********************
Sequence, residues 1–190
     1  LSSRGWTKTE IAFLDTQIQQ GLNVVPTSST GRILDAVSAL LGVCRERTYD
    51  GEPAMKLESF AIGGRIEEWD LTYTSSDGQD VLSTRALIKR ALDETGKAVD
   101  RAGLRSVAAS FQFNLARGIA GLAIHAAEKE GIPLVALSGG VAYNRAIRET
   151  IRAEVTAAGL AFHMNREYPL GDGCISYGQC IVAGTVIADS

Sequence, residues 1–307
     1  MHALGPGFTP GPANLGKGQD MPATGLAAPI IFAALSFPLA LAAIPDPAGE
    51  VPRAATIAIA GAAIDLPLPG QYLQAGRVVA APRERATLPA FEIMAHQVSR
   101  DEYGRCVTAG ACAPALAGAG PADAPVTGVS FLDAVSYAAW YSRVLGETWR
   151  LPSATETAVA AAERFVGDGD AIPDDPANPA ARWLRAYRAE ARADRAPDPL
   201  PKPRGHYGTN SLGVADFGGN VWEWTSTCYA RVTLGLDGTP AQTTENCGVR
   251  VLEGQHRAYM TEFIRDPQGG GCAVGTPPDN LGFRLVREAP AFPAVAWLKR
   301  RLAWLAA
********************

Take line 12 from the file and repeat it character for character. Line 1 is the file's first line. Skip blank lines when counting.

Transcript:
   251  VLEGQHRAYM TEFIRDPQGG GCAVGTPPDN LGFRLVREAP AFPAVAWLKR